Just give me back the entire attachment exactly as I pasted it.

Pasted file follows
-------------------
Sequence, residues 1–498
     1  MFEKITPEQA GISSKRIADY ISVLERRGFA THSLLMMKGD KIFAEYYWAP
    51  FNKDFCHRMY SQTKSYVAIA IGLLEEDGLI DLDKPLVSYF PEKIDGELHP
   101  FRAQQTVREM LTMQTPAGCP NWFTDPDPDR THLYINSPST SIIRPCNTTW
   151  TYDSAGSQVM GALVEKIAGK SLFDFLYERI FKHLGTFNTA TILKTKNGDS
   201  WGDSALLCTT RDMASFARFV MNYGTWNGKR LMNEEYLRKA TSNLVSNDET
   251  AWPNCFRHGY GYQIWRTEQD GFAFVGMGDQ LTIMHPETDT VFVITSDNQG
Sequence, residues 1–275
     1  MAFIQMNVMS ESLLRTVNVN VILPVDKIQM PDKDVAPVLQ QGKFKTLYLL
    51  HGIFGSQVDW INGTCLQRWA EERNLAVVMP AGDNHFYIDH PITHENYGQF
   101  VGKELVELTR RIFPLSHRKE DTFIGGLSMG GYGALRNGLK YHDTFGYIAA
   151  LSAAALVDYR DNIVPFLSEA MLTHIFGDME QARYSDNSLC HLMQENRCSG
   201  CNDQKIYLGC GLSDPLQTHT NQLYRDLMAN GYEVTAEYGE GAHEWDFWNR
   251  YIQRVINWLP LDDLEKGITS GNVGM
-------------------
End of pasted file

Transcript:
Sequence, residues 1–498
     1  MFEKITPEQA GISSKRIADY ISVLERRGFA THSLLMMKGD KIFAEYYWAP
    51  FNKDFCHRMY SQTKSYVAIA IGLLEEDGLI DLDKPLVSYF PEKIDGELHP
   101  FRAQQTVREM LTMQTPAGCP NWFTDPDPDR THLYINSPST SIIRPCNTTW
   151  TYDSAGSQVM GALVEKIAGK SLFDFLYERI FKHLGTFNTA TILKTKNGDS
   201  WGDSALLCTT RDMASFARFV MNYGTWNGKR LMNEEYLRKA TSNLVSNDET
   251  AWPNCFRHGY GYQIWRTEQD GFAFVGMGDQ LTIMHPETDT VFVITSDNQG
Sequence, residues 1–275
     1  MAFIQMNVMS ESLLRTVNVN VILPVDKIQM PDKDVAPVLQ QGKFKTLYLL
    51  HGIFGSQVDW INGTCLQRWA EERNLAVVMP AGDNHFYIDH PITHENYGQF
   101  VGKELVELTR RIFPLSHRKE DTFIGGLSMG GYGALRNGLK YHDTFGYIAA
   151  LSAAALVDYR DNIVPFLSEA MLTHIFGDME QARYSDNSLC HLMQENRCSG
   201  CNDQKIYLGC GLSDPLQTHT NQLYRDLMAN GYEVTAEYGE GAHEWDFWNR
   251  YIQRVINWLP LDDLEKGITS GNVGM